Everyone wants love. We want to be loved. We want to be in love. It is a most fundamental emotional needs.

As infants we thrive upon the love our parents and caretakers. Without it, we suffer. We close down or cry out for it. And as we grow we learn the best strategies to get and keep love—strategies which often carry over into our adult lives.

The search for love dominates much of our thinking. The experience of love has inspired countless arts. And holding on to the love we do find has motivated the best and worst of human behavior.

But what is love? What is it that so fuels us? I have come across more definitions and descriptions than I can remember. But in the final analysis love lies beyond any definition we may give to it. In essence, love is a feeling. It is an experience, a quality that we know deep inside.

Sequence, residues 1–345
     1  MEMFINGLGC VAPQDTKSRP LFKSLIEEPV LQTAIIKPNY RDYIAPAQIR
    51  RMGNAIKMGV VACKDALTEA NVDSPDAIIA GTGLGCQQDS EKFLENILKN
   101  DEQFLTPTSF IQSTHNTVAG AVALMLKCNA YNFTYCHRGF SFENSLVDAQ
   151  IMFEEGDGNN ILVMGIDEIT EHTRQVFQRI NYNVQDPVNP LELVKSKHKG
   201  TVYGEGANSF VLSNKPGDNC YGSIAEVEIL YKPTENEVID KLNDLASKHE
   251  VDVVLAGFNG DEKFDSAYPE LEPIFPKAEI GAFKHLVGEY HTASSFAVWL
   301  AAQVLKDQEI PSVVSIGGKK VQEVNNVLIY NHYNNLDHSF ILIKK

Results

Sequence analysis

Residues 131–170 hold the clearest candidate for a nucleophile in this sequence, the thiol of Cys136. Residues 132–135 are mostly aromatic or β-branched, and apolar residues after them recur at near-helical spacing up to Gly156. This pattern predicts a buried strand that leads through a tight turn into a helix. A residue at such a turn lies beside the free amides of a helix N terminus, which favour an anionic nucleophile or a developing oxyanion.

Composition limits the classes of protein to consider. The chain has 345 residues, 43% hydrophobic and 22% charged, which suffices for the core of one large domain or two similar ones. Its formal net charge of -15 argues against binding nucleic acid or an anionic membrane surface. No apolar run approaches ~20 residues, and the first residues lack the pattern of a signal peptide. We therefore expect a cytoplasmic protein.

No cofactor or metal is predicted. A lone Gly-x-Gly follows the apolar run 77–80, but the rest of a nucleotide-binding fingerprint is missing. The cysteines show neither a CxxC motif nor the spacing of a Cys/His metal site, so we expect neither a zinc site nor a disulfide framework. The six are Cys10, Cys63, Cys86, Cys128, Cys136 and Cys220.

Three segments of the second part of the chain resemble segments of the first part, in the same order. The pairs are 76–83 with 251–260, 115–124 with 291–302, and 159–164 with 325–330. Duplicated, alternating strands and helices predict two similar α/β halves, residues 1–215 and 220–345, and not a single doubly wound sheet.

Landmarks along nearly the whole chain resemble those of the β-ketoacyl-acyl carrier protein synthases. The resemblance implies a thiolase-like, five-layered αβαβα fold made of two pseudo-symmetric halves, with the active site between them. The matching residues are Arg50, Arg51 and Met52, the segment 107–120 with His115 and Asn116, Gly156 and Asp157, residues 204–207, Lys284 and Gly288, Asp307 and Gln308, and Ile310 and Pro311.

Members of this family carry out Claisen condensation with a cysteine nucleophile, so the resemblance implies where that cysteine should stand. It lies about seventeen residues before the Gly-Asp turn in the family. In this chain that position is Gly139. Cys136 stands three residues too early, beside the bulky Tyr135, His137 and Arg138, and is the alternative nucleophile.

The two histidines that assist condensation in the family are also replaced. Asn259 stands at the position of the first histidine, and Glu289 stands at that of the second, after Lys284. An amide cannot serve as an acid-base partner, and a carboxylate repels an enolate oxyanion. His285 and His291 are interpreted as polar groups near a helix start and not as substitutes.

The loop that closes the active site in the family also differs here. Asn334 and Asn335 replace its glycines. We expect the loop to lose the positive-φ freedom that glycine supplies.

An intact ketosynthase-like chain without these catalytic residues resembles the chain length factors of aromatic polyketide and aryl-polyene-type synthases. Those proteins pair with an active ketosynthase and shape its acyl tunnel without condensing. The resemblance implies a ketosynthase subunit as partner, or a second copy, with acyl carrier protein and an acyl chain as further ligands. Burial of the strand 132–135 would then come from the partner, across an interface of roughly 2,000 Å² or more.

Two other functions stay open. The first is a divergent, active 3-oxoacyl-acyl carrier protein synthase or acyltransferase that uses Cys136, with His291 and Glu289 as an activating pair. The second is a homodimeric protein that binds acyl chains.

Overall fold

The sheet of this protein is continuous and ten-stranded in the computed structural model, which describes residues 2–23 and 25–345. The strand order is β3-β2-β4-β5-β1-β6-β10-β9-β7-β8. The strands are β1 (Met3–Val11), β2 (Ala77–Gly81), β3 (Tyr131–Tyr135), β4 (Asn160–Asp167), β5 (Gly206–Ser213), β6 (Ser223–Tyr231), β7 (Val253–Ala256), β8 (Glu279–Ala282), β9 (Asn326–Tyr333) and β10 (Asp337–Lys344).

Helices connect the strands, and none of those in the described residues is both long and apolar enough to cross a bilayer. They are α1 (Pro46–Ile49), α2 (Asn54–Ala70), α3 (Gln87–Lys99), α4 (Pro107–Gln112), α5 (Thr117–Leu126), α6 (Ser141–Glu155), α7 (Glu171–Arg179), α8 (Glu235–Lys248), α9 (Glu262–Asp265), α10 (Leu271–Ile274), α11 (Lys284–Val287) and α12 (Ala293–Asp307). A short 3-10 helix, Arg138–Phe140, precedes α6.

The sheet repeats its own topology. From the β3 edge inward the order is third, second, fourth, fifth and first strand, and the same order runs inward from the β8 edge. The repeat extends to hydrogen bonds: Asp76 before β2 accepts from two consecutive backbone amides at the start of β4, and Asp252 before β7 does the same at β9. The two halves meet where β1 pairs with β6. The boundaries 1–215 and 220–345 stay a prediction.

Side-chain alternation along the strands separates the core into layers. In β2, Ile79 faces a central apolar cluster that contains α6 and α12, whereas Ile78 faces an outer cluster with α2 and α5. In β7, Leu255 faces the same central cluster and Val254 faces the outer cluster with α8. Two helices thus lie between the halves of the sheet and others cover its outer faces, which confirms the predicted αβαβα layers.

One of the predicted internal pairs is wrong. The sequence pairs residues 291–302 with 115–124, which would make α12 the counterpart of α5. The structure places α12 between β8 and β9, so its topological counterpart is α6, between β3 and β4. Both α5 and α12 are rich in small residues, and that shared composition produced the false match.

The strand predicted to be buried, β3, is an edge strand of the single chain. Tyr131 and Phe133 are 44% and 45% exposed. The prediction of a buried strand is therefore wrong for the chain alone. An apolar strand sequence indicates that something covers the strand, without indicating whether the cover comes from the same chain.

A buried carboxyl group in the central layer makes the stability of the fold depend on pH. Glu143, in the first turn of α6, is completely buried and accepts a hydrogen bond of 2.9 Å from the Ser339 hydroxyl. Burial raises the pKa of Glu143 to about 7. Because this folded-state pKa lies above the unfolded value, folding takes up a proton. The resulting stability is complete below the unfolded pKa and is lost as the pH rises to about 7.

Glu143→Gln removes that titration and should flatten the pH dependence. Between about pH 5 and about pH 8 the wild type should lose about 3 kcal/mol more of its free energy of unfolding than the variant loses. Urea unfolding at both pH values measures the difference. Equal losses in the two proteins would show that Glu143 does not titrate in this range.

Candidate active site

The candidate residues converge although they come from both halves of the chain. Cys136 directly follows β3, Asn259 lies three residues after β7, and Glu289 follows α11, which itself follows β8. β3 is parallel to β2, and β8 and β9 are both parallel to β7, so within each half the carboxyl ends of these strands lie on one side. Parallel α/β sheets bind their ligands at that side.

It is hard to put words to the feeling. Indeed, there is no need. When we feel love, we know it. Just as we know experiences of excitement or panic by how they feel, without any need for a definition. So too, the feeling of love is instantly recognized.

Some may express it as a warm glow, a fullness, an overflowing, a deep ease, an openness that nourishes and warms our being. For many the feeling is focussed in the chest—hence its association with the heart—but it may also be felt throughout the whole of one's being.

Love is a dominant theme of most spiritual traditions: loving one's neighbor, developing love for all beings, opening to unconditional love, receiving the love of God. And the spiritual literature is replete with accounts of those who have been overwhelmed and transformed by love—not the romantic love of one person for another, but an unconditional love that knows no bounds.

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